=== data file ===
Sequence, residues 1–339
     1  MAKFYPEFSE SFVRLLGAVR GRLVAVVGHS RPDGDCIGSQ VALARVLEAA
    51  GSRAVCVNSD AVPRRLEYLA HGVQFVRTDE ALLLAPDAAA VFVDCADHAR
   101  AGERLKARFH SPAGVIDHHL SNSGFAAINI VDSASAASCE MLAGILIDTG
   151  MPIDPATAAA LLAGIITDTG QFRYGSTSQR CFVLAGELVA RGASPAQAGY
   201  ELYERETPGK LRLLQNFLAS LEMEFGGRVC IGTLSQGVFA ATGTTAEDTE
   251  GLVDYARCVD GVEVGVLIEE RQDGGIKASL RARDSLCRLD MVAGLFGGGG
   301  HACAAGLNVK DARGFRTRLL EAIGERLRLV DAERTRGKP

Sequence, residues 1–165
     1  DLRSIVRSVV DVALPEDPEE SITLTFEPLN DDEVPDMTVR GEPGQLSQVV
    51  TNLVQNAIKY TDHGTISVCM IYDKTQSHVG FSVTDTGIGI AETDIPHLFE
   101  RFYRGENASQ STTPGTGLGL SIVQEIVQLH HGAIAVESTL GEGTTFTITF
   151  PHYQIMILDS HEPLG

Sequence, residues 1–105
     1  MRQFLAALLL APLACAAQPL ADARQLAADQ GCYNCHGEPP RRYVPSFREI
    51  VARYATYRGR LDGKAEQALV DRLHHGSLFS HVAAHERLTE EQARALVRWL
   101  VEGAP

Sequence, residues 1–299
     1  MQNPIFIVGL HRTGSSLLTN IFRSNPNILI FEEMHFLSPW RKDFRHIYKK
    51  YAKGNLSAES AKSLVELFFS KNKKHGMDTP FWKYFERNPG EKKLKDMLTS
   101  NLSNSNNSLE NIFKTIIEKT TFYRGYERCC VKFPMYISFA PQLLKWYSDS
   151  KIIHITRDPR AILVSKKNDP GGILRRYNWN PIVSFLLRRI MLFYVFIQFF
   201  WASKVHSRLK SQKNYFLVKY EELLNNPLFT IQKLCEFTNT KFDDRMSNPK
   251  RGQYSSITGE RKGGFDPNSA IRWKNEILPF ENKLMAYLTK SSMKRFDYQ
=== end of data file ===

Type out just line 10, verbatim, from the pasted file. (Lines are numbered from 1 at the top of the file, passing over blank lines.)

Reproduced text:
     1  DLRSIVRSVV DVALPEDPEE SITLTFEPLN DDEVPDMTVR GEPGQLSQVV